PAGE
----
We don't censor books at all. Often I have read the book they are reading myself so we talk about it and I tend to think if they are mature enough to read it and comprehend it they're ready for the content.

We don't watch much TV and if we do it's together as a family. As for movies swearing doesn't bother me if it's appropriate to the story. Extreme violence and casual sex movies are a no go and honestly my almost 14 year old has no interest in that stuff. I think by NOT sheltering her in most ways she has more mature taste. Since we've been pretty relaxed with most media, seeing the latest teen sex flick doesn't interest her.

I really think the sheltering thing can backfire as they grow up. The more kids know about the real world they less they seem to get sucked into the pop culture crud that seems to dominate American culture.

8 moms found this helpful


answers from Los Angeles on

I do not understand parents like the Mom you are talking about.

I do not shelter my kids from much, just the no 'Saw' movies until they are old enough and stuff like that. You know, common sense stuff.

I absolutely do NOT shelter them when it comes to reading...I refuse to believe that outside influences (like books and movies) will have more of an impact on their morals and values than my husband and I and our respective families will. Period. End of story.

8 moms found this helpful


answers from Pensacola on

I have run into this attitude many, many times and it never fails to irritate me.

I follow the same school of thought as you do. My daughter is dyslexic and I am so delighted that she loves to read that I put very few limitations on her reading choices. I look at what she is reading but unless it's something that is vulgar or obscene, I do not stop her. We discuss what she reads on a regular basis and these discussions have a tendency to turn into lively debates on various aspects of what she's read.

We both adore fantasy and I have never been concerned that she's going to suddenly believe that she is a unicorn or an elf because she knows the difference between real life and fantasy. Furthermore, she and I were standing in line to purchase the Harry Potter Books at midnight and oddly enough, after reading those books, neither of us had the inclination to run right out and learn to be a witch. (although we did buy wands at Universal Studios as a joke and quite enjoyed ourselves laughing and playing)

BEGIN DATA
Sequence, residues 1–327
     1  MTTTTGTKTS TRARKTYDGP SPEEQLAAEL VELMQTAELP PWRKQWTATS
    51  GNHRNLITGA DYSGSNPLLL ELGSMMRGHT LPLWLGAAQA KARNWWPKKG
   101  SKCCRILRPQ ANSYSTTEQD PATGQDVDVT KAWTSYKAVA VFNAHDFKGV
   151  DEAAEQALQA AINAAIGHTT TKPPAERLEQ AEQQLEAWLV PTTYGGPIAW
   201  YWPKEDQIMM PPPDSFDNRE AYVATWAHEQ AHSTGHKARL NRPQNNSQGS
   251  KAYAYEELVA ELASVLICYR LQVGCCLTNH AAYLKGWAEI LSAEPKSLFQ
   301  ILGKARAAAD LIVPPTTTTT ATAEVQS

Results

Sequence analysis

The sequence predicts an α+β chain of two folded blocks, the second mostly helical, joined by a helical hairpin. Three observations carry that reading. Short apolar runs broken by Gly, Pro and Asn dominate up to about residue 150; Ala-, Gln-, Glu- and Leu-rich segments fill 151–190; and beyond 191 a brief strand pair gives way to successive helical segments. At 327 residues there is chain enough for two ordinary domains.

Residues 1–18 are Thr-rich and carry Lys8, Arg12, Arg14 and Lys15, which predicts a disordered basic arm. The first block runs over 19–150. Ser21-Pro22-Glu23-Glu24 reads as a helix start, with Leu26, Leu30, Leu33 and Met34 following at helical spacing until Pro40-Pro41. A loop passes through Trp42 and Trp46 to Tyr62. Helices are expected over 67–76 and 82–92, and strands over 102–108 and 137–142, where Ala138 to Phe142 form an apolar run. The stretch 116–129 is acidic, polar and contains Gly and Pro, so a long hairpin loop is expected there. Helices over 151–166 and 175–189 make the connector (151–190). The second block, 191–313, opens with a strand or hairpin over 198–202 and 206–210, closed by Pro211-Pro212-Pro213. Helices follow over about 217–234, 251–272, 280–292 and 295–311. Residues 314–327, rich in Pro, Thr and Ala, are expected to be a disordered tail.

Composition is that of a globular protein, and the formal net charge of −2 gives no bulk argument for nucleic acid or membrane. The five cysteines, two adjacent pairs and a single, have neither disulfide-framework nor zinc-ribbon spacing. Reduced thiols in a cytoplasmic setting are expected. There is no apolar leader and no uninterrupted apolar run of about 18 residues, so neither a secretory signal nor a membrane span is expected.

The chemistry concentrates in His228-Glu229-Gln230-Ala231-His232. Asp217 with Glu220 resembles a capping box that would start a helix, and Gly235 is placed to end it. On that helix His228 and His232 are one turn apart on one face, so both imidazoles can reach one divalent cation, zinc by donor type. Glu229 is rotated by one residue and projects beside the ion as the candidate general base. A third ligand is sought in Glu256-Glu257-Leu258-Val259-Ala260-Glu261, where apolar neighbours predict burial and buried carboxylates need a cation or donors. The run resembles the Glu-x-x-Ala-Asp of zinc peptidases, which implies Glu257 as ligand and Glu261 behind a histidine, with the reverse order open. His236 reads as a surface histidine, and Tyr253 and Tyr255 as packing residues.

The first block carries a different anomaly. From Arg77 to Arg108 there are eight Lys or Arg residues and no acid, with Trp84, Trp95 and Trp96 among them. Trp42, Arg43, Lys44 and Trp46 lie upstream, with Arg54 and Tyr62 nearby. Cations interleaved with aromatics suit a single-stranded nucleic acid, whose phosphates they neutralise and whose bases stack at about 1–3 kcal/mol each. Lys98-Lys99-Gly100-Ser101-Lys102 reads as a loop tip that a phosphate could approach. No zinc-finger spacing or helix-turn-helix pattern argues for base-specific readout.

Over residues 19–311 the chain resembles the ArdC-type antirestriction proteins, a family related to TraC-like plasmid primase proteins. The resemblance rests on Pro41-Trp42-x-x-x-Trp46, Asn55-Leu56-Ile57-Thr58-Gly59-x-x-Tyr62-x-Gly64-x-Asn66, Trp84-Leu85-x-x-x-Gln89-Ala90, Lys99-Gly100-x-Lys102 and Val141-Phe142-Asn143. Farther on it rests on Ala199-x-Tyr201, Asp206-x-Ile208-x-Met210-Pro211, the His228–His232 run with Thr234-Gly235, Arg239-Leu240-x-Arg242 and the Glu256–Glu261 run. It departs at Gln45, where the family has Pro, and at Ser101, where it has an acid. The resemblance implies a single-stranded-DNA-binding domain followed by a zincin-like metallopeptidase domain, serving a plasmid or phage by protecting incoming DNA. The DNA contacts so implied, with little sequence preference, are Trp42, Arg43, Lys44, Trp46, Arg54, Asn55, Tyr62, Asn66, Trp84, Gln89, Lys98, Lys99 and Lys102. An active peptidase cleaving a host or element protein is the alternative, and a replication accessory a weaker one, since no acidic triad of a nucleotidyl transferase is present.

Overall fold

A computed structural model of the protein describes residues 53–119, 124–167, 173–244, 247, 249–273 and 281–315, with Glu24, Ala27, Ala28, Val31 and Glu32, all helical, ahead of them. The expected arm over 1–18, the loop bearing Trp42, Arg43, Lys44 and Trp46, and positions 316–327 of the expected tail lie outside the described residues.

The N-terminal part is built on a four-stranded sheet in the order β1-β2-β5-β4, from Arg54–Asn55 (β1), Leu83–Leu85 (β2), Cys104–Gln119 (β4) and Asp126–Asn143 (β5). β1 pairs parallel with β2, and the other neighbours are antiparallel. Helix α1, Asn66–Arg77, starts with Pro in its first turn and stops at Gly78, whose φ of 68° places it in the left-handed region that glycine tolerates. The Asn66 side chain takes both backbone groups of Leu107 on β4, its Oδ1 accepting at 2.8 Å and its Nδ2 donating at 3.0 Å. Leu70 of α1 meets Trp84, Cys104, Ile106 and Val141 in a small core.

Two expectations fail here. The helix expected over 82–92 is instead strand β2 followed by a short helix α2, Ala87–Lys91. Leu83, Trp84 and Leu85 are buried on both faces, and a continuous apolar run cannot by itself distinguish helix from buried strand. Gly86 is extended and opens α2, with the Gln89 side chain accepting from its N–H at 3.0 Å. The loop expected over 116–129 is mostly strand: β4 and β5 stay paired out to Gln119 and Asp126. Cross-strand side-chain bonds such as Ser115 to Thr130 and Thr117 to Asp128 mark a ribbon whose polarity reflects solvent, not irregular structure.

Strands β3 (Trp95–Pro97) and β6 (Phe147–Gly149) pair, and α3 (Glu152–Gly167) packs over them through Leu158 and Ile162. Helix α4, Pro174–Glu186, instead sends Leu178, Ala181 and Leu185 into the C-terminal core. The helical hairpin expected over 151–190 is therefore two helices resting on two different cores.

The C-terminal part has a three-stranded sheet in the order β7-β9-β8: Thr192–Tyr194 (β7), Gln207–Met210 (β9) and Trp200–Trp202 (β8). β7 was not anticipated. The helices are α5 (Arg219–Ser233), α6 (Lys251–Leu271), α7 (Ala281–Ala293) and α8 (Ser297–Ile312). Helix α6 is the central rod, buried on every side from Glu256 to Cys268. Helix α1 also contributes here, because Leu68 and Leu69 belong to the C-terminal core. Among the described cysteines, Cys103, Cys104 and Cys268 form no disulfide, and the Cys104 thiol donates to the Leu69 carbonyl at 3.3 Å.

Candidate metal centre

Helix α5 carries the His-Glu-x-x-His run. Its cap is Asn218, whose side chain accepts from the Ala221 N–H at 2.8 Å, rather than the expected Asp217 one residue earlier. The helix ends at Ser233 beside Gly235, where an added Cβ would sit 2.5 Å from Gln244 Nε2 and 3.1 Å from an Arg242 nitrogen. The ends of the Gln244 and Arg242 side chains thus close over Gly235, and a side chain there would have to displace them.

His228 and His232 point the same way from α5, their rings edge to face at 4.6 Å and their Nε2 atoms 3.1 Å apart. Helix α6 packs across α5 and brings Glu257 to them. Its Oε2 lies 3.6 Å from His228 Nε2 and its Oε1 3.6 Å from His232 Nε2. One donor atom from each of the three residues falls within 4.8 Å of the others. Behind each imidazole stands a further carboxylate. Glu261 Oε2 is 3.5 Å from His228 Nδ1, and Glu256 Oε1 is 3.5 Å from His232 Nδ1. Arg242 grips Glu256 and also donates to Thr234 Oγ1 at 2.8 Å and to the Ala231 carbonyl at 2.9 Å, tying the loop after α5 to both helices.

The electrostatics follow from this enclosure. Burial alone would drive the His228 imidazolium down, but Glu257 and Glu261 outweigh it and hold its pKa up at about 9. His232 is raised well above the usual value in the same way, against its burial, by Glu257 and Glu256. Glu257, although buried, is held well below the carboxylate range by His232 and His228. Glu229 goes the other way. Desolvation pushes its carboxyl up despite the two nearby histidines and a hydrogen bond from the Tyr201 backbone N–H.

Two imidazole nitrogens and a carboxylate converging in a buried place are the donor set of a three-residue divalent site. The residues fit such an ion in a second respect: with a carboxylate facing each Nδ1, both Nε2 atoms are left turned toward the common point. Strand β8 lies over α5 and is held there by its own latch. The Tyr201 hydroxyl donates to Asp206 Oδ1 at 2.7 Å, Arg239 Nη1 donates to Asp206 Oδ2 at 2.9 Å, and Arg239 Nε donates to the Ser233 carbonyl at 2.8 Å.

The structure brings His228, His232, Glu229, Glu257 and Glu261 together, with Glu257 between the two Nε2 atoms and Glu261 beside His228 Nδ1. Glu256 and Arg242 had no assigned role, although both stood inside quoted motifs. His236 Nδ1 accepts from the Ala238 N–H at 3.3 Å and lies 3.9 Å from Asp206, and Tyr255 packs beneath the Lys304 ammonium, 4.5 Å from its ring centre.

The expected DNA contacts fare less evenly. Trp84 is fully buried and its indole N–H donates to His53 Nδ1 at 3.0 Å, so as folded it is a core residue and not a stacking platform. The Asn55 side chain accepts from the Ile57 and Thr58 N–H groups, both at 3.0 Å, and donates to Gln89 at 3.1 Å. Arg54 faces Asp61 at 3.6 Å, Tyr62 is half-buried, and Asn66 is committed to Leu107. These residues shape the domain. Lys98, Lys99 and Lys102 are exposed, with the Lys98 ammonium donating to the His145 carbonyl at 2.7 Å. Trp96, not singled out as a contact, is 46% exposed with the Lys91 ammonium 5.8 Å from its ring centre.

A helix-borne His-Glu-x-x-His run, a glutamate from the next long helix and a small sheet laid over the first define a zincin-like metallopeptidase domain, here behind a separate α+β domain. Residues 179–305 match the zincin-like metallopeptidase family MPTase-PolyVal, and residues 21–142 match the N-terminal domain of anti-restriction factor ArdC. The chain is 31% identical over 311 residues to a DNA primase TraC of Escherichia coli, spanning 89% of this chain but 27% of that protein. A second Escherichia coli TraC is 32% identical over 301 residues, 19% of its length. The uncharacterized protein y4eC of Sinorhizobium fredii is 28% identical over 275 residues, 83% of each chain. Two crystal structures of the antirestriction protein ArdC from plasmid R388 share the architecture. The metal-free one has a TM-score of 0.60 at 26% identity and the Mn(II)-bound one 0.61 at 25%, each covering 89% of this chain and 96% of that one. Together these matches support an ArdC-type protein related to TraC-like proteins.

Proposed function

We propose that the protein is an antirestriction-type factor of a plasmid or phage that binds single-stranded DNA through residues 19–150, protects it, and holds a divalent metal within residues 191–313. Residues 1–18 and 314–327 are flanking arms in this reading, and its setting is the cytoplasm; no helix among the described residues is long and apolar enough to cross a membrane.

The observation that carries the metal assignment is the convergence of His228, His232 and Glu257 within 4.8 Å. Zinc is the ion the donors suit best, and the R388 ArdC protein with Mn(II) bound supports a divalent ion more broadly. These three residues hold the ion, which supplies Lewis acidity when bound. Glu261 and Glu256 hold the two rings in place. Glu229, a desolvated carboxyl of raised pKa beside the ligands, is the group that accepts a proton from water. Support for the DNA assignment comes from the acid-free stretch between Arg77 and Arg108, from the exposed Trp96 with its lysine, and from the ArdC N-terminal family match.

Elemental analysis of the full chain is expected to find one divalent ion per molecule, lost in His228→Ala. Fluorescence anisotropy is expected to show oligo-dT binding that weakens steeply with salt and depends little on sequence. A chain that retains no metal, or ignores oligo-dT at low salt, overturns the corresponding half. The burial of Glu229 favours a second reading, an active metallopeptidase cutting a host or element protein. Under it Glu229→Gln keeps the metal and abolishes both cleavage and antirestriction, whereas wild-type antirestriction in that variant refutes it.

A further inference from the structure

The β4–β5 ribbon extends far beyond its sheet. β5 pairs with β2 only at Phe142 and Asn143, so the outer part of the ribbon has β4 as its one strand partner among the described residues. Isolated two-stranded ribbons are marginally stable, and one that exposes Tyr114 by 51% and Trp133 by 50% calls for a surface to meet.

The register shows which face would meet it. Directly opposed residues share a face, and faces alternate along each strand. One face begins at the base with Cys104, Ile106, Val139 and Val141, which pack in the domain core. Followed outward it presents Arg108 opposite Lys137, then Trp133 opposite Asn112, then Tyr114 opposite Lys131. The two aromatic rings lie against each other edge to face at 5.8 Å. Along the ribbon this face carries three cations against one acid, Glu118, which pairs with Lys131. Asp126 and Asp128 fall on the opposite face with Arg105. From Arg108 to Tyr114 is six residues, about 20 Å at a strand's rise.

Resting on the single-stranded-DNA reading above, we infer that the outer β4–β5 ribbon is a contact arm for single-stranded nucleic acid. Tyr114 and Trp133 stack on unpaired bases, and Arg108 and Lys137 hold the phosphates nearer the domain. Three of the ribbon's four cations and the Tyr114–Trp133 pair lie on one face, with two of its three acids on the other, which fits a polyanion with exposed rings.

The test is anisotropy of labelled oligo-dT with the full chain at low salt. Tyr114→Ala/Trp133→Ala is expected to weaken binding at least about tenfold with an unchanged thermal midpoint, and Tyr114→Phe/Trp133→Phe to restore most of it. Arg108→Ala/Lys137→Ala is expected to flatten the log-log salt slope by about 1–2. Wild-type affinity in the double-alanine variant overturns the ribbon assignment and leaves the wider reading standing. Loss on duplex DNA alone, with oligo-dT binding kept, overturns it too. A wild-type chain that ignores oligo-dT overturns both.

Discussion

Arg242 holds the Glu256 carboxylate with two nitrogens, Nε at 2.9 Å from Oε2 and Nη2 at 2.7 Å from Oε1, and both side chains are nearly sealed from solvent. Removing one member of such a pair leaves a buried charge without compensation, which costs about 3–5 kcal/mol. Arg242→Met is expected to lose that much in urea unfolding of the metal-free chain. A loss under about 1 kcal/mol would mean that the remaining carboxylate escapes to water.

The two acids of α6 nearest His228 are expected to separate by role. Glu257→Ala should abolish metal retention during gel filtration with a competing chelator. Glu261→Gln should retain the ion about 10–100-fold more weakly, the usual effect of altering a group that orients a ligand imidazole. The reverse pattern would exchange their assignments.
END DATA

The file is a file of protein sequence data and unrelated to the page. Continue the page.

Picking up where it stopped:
So stand strong and don't back down. What you are doing for your child/children is invaluable. You are teaching them that there is a world outside of their backyard and to embrace it and enjoy it. It is a tragedy to watch as children's creativity and capacity for accepting and embracing differences are ended before they even have a chance to begin. Good luck.
I am incredibly jealous about the marvelous tool that your children have access to. That sounds like a dream!

8 moms found this helpful


answers from New York on

I don't shelter my son from books at all. To me, that would be absurd -- like sheltering him from a good night's sleep and green vegetables. I regard the Harry Potter books as modern classics, and I am thrilled and overjoyed that my son is reading them.

TV is a completely different story. We are not a "no TV" household, but we do strictly limit it. My son gets "movie night" once a week, and then he's allowed about 2 hours of whatever "screen time" he wants -- TV, video games if not too violent, whatever. The result is that I've got a 6-year-old who reads at a 4th-grade level, and he reads every chance he gets. People stop us in the street, in restaurants, etc., all the time to ask me how old my son is and how he learned to read like that. So, I know this method isn't for everyone, but I stand by the results.

For me, though, none of this is based on concerns about content (though if my son watched more TV, I probably would have content-based concerns). It's about the neurodevelopmental effects that TV/visual media have on a child's ability to process information, emotions, etc. It sounds like this mom you met had strong religious beliefs that I personally don't share. I mean, I have a religion; I just don't have HER religion.

8 moms found this helpful


answers from Norfolk on

My son was reading Harry Potter in the 3rd grade.
He loves sci fi and fantasy.
I don't care for adult theme tv/movies myself (nudity, cursing, sex, etc), so we don't watch that stuff.
There's such a thing as being age appropriate - I get that.
But I'm not worried about my son practicing witchcraft.
We've got the original Bewitched series on DVD - it's a fun show!
We know the difference between reality and make believe.
If I shelter him from anything it's from some of the uber religious attitudes out there.
I'm not sure THEY know the difference between reality and make believe.
Maybe that's why Santa and Harry Potter sets some of them off.

8 moms found this helpful


answers from Chicago on

I'm also pretty lenient. More importantly, my daughter (12 / 7th grade) and I have a pretty good dialouge about what she is reading, so she will tell me about the books she is reading (if I haven't read them) and will tell me if she thinks the character is making a mistake or what they did that was good.